of Chile, said that while he thought the United States' decision had been
"too rushed," it was probably the best one under the circumstances.

"Better not to be divided after the consensus and the unity that we
showed on Iraq," he said.

 Copyright 2004 The New York Times Company

The Iraq Solidarity Campaign (UK)

The Iraq Solidarity Campaign

 ALL-NEW Yahoo! Messenger - sooooo many all-new ways to express yourself


Message: 4
Date: Thu, 24 Jun 2004 13:19:51 +0100 (BST)
From: =?iso-8859-1?q?The=20Iraq=20Solidarity=20Campaign?= <>
Subject: The number of deformed newborns in Iraq has increased dramatically because of people's 
exposure to radiation
To: "CASI \(News\)" <>

[ Presenting plain-text part of multi-format email ]

BAGHDAD, June 23 (Xinhuanet) -- The number of deformed newborns in Iraq has=
 increased dramatically because of people's exposure to radiation, Al Nahdh=
ah newspaper reported Wednesday.Dr. Fatin Abdul Majeed, director of the pro=
gram of mother and child in the Iraqi Ministry of Health, said there were s=
everal reasons behind such occurrence.
    "One of the most important reasons is direct exposure to radiation, whi=
ch caused the increase in the rate of deaths among Iraqi children," said Ab=
dul Majeed.
    "New cases were found in Baghdad and other Iraqi cities," shesaid.
Meanwhile, Abdul Majeed pointed out that radiation would have along impact.
    "Even if an area is now clear of radiation, that does not mean it would=
 not affect people for generations," she said. "For the exposure of mother =
or father would increase the chances of their babies' being infected with m=
alicious maladies."

The Iraq Solidarity Campaign

 ALL-NEW Yahoo! Messenger - sooooo many all-new ways to express yourself


Message: 5
Date: Thu, 24 Jun 2004 14:05:29 +0100 (BST)
From: =?iso-8859-1?q?The=20Iraq=20Solidarity=20Campaign?= <>
Subject: 'Its best use is as a doorstop'
To:, ISC <>

[ Presenting plain-text part of multi-format email ]

Brian Whitaker explains why a book packed with sweeping generalisations abo=
ut Arabs carries so much weight with both neocons and military in the US

Monday May 24, 2004,7792,1223525,00.html

Consider these statements:

"Why are most Africans, unless forced by dire necessity to earn their
livelihood with 'the sweat of their brow', so loath to undertake any
work that dirties the hands?"

"The all-encompassing preoccupation with sex in the African mind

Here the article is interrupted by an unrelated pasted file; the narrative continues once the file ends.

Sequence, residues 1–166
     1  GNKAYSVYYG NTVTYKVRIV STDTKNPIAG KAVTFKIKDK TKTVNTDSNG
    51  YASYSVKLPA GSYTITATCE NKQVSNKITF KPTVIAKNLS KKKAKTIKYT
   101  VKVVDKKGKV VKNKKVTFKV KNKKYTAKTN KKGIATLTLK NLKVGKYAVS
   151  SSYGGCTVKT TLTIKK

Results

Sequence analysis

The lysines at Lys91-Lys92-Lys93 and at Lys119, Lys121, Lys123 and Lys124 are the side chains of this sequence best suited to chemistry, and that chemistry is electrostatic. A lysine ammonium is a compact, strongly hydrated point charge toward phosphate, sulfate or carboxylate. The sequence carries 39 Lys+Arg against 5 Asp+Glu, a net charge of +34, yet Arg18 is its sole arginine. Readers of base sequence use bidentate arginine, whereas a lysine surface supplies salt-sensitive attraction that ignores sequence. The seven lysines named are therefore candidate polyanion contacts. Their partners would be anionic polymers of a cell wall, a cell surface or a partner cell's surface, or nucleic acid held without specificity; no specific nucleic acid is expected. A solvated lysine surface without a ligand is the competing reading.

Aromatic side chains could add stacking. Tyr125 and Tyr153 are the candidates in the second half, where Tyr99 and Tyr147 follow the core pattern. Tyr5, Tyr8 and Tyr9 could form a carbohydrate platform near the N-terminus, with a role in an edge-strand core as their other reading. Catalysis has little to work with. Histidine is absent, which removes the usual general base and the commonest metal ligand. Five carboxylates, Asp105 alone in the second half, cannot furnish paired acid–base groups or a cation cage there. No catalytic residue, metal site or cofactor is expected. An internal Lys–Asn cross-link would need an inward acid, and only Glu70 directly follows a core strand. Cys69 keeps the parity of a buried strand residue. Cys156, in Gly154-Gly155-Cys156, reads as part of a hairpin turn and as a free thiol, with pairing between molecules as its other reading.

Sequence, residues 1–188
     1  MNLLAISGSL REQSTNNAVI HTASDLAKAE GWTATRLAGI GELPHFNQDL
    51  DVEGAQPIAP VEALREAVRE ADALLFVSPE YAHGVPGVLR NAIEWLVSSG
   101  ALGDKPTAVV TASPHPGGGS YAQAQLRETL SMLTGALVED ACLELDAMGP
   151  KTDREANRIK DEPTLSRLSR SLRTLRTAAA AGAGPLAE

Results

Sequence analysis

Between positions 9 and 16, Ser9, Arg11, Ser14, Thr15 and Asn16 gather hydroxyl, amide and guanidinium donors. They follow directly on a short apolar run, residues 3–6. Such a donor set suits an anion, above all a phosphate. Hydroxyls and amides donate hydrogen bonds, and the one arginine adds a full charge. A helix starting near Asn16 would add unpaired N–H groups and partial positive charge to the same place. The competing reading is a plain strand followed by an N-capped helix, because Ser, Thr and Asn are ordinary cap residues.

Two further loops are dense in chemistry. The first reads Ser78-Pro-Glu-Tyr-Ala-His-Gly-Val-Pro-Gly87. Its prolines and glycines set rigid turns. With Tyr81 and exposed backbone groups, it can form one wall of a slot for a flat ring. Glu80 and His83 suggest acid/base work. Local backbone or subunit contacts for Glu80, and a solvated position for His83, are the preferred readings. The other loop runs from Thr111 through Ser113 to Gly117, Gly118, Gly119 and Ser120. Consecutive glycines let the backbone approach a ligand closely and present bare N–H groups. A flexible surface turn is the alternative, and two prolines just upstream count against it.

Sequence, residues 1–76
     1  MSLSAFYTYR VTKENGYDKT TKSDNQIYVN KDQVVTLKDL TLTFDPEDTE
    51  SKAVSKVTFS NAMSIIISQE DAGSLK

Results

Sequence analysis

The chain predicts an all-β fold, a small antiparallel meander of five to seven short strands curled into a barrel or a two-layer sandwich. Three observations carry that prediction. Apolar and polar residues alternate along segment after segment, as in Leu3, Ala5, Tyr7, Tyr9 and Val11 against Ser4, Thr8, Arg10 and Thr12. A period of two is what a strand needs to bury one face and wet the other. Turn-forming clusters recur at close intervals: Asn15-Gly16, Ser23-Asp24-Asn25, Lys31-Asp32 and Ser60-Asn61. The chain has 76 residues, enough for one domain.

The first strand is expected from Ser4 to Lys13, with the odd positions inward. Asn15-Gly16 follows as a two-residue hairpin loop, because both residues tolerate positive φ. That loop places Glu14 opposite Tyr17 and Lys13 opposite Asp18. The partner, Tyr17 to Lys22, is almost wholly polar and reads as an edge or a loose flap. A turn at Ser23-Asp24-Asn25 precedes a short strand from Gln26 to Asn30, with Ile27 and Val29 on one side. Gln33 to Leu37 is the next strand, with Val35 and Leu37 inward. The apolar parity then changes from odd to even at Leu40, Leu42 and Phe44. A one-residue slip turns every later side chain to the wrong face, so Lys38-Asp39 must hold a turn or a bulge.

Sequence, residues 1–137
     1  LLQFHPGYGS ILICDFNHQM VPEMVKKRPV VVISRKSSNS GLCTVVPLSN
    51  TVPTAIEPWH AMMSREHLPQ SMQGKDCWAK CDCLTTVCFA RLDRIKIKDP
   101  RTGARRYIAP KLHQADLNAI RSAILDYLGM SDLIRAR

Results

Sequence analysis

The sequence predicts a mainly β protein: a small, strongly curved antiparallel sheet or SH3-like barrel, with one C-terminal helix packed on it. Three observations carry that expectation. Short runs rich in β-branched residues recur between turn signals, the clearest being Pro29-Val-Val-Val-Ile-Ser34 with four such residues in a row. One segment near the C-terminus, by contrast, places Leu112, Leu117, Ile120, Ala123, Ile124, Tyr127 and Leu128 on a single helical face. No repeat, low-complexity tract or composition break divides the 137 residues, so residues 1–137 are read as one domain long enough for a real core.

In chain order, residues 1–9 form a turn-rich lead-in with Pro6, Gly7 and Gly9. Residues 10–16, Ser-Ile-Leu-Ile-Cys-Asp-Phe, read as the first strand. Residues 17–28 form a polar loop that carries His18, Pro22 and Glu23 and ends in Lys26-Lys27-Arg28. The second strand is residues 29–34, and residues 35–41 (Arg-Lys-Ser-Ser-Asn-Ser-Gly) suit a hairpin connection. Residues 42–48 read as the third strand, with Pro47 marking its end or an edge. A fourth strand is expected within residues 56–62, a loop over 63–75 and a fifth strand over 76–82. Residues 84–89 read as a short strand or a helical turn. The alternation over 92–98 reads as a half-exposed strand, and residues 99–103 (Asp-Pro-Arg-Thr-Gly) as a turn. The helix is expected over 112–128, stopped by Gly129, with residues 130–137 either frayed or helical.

emerges clearly in two manifestations ..."

"In the African view of human nature, no person is supposed to be able
to maintain incessant, uninterrupted control over himself. Any event
that is outside routine everyday occurrence can trigger such a loss of
control ... Once aroused, African hostility will vent itself
indiscriminately on all outsiders."

These statements, I think you'll agree, are thoroughly offensive. You
would probably imagine them to be the musings of some 19th century
colonialist. In fact, they come from a book promoted by its US publisher as=
 "one of the great classics of cultural studies", and described by
Publisher's Weekly as "admirable", "full of insight" and with "an impressiv=
e spread of scholarship".

The book is not actually about Africans. Instead, it takes some of the
hoariest old prejudices about black people and applies them to Arabs.

Replace the word "African" in the quotations above with the word
"Arab", and you have them as they appear in the book. It is, the book says,=
 the Arabs who are lazy, sex-obsessed, and apt to turn violent over the sli=
ghtest little thing.

Writing about Arabs, rather than black people, in these terms
apparently makes all the difference between a racist smear and an admirable=
of scholarship.

The book in question is called The Arab Mind, and is by Raphael Patai,
a cultural anthropologist who taught at several US universities,
including Columbia and Princeton.

I must admit that, despite having spent some years studying Arabic
language and culture, I had not heard of this alleged masterpiece until
last week, when the investigative journalist Seymour Hersh mentioned it in =
an article for New Yorker magazine.

Hersh was discussing the chain of command that led US troops to torture Ira=
qi prisoners. Referring specifically to the sexual nature of some of this a=
buse, he wrote: "The notion that Arabs are particularly
vulnerable to sexual humiliation became a talking point among pro-war Washi=
ngton conservatives in the months before the March 2003 invasion of Iraq.

"One book that was frequently cited was The Arab Mind ... the book
includes a 25-page chapter on Arabs and sex, depicting sex as a taboo
vested with shame and repression."

Hersh continued: "The Patai book, an academic told me, was 'the bible
of the neocons on Arab behaviour'. In their discussions, he said, two
themes emerged - 'one, that Arabs only understand force, and two, that
the biggest weakness of Arabs is shame and humiliation'."

Last week, my own further enquiries about the book revealed something